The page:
All of have seen some pretty good movies, right? There are definitely tons of movies out there that are really well produced. In fact, all of us probably have a favourite movie that we could never get tired of, no matter how many times we watch it. But, what about the bad movies? We’ve all seen some pretty terrible ones too. We talk about the good movies, but we definitely talk about the bad ones too. At least if only to warn others about how awful the movie was.
Sometimes though, we all face problems when trying to accurately convey exactly what we’re trying to say.
Read on to learn exactly what to say, to make your conversational partner understand what it is that makes the movie you dislike, so bad. Happy learning!
So, let’s start by taking a basic situation that all of us can relate to, and work from there.
*You’ve just seen the latest movie released by Disney last week, and you hated it. You’re telling your friend about the movie*
Read on to find the overall flow, specific vocabulary, phrases, and expressions that can be used for an effective and fluent conversation on this topic. Right below is your guide to having an engaging conversation!
A conversation has specific phases that it goes through. Here is a quick look at what we suggest to guarantee you a smooth conversation.
Content : What is it that you are going to talk about?
Use the ‘wh’ questions along with the keywords to help you put together the content.
- Where did you watch the movie? – I bought the DVD, I saw it at the theatre etc.
- How did you come across the movie? – A friend told me about it, I saw a billboard ad for it, I saw a youtube video about it etc.
- What was the worst part of the movie? – Climax, Denouement*, Plot twist etc.
- Who is your least favourite character from the movie? – Protagonist, Antagonist, Supporting character, Comedic relief sidekick etc.
- Why do you dislike the character? – Poorly written, Bad acting, Terrible dialogue delivery etc.
Choosing Contextual Vocabulary
Choosing contextual vocabulary to suit the scenario you’re talking about can be very important when it comes to giving depth and clarity to what you’re trying to say, as well as piquing* your partner’s attention. In this case, you’re talking about a movie you like.
Listed below are a few words and phrases that could come in handy while elaborating on the movie. Additionally, the meanings of a few starred (*) words are given at the end of this article that you could also use!
- Acting skill
- Director, Producer etc.
- Plot Twist
- Movie Reviews on websites, by critics etc.
- Movie length
- Similar movies
Similarly. given below are a few descriptive words and phrases that you could use to make your conversation more interesting!
- Terrible acting.
- Badly written dialogues/scenes.
- Disjointed* plotline.
- Poor casting.
- Generally negative reviews.
- Visually unsatisfying.
- Unrealistic characters.
- Anachronisms* and logical plot-holes.*
- Boring soundtrack.
- Scenes that were emotionally lacking.
- Shoddy* screenplay and direction.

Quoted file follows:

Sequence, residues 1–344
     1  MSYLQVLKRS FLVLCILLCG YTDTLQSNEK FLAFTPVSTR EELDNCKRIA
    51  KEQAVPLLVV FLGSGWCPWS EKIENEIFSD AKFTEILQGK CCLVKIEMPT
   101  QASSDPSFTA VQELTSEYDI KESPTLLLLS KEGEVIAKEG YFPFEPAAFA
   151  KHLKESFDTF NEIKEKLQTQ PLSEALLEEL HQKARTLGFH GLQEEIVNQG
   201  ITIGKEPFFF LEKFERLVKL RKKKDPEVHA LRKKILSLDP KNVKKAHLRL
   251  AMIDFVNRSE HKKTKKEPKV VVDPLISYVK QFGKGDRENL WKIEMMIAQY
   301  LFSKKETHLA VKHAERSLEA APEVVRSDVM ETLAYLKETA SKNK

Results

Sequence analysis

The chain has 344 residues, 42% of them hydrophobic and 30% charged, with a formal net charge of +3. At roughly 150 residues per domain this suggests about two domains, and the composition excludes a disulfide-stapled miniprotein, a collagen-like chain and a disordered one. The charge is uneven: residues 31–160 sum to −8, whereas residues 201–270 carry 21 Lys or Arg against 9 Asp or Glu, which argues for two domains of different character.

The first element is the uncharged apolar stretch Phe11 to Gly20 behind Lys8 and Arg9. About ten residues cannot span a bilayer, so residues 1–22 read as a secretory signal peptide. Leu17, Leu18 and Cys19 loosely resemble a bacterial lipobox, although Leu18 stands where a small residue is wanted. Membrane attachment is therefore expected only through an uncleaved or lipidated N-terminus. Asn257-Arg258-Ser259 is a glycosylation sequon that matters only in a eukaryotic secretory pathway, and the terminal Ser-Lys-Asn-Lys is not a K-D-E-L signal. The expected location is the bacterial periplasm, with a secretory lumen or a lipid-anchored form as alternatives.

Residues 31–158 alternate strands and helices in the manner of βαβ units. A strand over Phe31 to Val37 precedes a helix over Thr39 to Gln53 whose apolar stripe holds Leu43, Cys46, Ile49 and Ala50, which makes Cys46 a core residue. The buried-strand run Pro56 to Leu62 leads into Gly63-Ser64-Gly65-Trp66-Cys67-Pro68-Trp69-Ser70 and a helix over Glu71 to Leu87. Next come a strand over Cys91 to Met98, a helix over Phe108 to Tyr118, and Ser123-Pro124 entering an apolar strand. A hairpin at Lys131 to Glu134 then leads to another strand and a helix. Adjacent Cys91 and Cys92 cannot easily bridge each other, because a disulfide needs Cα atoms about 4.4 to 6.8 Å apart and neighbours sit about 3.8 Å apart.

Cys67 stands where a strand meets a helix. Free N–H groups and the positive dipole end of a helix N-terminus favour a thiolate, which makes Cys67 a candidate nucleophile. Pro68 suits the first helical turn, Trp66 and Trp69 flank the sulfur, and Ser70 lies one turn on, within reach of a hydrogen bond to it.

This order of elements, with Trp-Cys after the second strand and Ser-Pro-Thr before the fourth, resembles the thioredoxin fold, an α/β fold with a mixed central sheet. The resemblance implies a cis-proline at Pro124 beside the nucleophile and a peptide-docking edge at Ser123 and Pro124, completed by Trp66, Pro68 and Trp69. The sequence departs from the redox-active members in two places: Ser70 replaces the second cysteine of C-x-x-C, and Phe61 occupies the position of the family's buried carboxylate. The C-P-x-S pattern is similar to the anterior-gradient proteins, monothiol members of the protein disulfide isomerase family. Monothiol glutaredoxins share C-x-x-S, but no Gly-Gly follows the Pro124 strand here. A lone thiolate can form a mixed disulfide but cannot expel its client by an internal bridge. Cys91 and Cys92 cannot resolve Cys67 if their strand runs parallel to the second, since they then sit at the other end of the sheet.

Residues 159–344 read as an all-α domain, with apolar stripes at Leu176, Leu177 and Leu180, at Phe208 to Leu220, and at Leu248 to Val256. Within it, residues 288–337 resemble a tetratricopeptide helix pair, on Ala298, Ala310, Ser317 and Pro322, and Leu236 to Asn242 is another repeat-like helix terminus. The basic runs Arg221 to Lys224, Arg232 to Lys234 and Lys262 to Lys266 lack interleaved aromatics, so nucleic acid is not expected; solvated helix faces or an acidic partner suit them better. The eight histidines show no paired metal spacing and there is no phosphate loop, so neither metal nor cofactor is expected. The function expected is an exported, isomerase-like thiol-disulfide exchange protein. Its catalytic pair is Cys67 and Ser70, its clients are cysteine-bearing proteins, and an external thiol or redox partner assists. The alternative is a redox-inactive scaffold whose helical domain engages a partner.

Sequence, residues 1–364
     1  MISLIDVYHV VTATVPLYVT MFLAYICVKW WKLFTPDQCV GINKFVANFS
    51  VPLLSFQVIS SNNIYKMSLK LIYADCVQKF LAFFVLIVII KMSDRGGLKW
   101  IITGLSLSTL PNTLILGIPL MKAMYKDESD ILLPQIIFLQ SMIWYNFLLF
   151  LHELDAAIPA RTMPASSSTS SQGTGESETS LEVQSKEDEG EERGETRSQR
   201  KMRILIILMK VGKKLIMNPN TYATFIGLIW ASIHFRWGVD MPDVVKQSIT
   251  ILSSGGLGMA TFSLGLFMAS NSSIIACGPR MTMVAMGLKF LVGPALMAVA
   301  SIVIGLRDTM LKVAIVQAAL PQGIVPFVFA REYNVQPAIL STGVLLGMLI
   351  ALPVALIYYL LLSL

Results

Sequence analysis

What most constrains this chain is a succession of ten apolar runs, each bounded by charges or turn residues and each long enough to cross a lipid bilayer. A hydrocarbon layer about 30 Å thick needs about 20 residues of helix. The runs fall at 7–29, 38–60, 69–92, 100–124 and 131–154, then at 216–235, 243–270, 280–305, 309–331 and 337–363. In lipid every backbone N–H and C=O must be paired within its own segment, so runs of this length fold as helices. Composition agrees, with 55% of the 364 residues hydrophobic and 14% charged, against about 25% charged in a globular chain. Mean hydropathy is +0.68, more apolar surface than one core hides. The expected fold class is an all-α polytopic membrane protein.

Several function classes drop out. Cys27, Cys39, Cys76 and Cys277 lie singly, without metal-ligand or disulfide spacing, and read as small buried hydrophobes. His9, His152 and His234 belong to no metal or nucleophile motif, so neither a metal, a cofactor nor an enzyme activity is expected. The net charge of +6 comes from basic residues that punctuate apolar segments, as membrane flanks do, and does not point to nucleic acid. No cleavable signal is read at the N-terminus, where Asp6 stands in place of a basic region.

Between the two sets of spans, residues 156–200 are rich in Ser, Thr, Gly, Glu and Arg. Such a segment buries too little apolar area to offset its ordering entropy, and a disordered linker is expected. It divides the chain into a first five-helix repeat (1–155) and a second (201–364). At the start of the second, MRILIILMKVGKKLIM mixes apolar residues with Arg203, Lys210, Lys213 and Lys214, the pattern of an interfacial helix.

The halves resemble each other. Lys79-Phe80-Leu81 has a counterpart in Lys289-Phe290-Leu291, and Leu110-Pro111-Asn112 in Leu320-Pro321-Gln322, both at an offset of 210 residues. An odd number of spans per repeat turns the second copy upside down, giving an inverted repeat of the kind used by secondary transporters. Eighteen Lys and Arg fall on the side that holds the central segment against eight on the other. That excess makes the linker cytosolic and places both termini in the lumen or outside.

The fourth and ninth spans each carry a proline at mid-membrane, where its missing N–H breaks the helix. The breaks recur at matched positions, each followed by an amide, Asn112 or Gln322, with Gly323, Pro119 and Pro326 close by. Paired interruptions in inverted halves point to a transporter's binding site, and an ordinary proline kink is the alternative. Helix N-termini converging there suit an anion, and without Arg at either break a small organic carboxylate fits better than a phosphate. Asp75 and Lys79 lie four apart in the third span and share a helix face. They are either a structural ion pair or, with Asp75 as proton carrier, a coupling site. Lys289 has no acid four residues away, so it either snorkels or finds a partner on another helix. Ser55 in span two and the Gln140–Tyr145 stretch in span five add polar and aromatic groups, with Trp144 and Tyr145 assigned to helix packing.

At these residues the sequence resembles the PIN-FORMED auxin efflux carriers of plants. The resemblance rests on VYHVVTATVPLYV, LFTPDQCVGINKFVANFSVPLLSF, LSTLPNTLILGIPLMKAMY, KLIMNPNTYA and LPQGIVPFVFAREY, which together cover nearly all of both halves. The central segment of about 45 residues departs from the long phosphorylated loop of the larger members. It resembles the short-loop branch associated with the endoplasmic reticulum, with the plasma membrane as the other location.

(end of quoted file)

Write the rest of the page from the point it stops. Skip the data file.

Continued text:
- Overuse of cliches.
- Disinteresting protagonist-antagonist dynamics*
- Critically panned*.
- Box office failure
Organizing the Content : Putting it all together to create a comprehensive picture
Now that we know what to talk about and the words to use, let us put them in a logical order.
Initiate the conversation by talking about a new movie you discovered.
‘I went to the theatre last Sunday to see the latest Disney movie, ‘Aladdin – Live Action Remake’
Express your distaste over the movie – this could be why you brought the movie into the conversation.
The movie was a box-office failure and critically panned, I hated it.
Talk about why you liked the movie – here are 5 examples of things you could say
- The plot was so cliche and predictable! An utter waste of two hours if you ask me.
- The acting was extremely sub-par, they should’ve chosen better actors.
- I could see the plot-twist coming from miles away, they should’ve written a better story.
- The soundtrack wasn’t very well-written, it sounded boring and didn’t match the movie scenes.
- The movie had so many plot-holes, the directors should’ve done their jobs better.
Tell your conversational partner why you think they should watch the movie, for example-
- Please don’t watch the movie, it would be a terrible waste of your time.
- I don’t think you should watch the movie, the book was much better.
- I know how much you like movie soundtracks, this one was really bad, for your own good I don’t think you should hear it.
- I know you’ve been dying to see this movie, but trust me, it doesn’t live up to the hype.
- The acting was terrible, you’d hate it, I don’t think you should watch the movie.
A model answer would be as follows :-
I went to the theatre last Sunday to see the latest Disney movie, ‘Aladdin – Live Action Remake.’ The movie was a box-office failure and critically panned, I hated it. It completely ruined the original cartoon version. The acting was sub-par, bad casting calls were taken, the singing was off-key at times and the visuals were very unsatisfactory. The plot was so cliche and predictable! An utter waste of two hours if you ask me. I know you’ve been dying to see this movie, but trust me, it doesn’t live up to the hype.
Meaning of starred (*) words
- Pique – Arouse interest.
- Protagonist – Main character.
- Antagonist – Main character’s adversary.
- Screenplay – The script of a film including acting instructions and scene directions.
- Cinematography – The art of photography and camera work in filmmaking.
- Disjointed – Not following a proper order or sequence.
- Anachronism – A chronological inconsistency in a movie.
- Plot Hole – A general inconsistency in the narrative.
- Shoddy – Poor
- Protagonist Antagonist Dynamics – The connection between the hero and the villain.
- Panned – Severely criticised.